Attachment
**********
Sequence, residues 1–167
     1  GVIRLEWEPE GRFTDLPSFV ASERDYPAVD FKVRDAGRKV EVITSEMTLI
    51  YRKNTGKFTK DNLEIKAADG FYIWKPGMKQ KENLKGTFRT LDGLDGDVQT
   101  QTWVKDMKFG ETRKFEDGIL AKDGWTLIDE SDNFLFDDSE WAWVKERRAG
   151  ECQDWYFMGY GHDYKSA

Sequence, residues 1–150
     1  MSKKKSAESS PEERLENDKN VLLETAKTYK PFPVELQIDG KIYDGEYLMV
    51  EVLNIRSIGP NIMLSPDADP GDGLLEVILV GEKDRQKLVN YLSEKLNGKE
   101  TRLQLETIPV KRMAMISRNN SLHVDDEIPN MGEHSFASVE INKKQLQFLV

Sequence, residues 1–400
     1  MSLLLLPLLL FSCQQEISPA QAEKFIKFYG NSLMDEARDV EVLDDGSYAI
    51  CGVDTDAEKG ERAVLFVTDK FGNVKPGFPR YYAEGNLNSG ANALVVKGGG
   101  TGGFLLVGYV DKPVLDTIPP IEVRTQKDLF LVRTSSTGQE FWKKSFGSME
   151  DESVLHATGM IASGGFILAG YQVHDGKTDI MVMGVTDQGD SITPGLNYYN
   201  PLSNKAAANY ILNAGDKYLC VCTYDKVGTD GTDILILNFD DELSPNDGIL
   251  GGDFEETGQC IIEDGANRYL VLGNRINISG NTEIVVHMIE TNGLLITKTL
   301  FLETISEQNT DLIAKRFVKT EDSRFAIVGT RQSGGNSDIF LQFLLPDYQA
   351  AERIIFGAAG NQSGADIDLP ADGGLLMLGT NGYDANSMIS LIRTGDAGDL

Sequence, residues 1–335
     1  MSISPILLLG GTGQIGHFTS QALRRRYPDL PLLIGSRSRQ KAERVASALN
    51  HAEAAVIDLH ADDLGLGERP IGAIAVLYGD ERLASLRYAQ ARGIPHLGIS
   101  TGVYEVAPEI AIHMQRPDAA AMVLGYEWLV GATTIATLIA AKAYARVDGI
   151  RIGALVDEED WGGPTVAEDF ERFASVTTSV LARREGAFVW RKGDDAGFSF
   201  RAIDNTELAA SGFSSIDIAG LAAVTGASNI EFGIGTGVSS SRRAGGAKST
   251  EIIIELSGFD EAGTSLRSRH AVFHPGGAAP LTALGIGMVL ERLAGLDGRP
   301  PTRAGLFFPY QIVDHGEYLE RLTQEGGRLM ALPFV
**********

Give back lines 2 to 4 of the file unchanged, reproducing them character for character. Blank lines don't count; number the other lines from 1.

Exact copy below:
     1  GVIRLEWEPE GRFTDLPSFV ASERDYPAVD FKVRDAGRKV EVITSEMTLI
    51  YRKNTGKFTK DNLEIKAADG FYIWKPGMKQ KENLKGTFRT LDGLDGDVQT
   101  QTWVKDMKFG ETRKFEDGIL AKDGWTLIDE SDNFLFDDSE WAWVKERRAG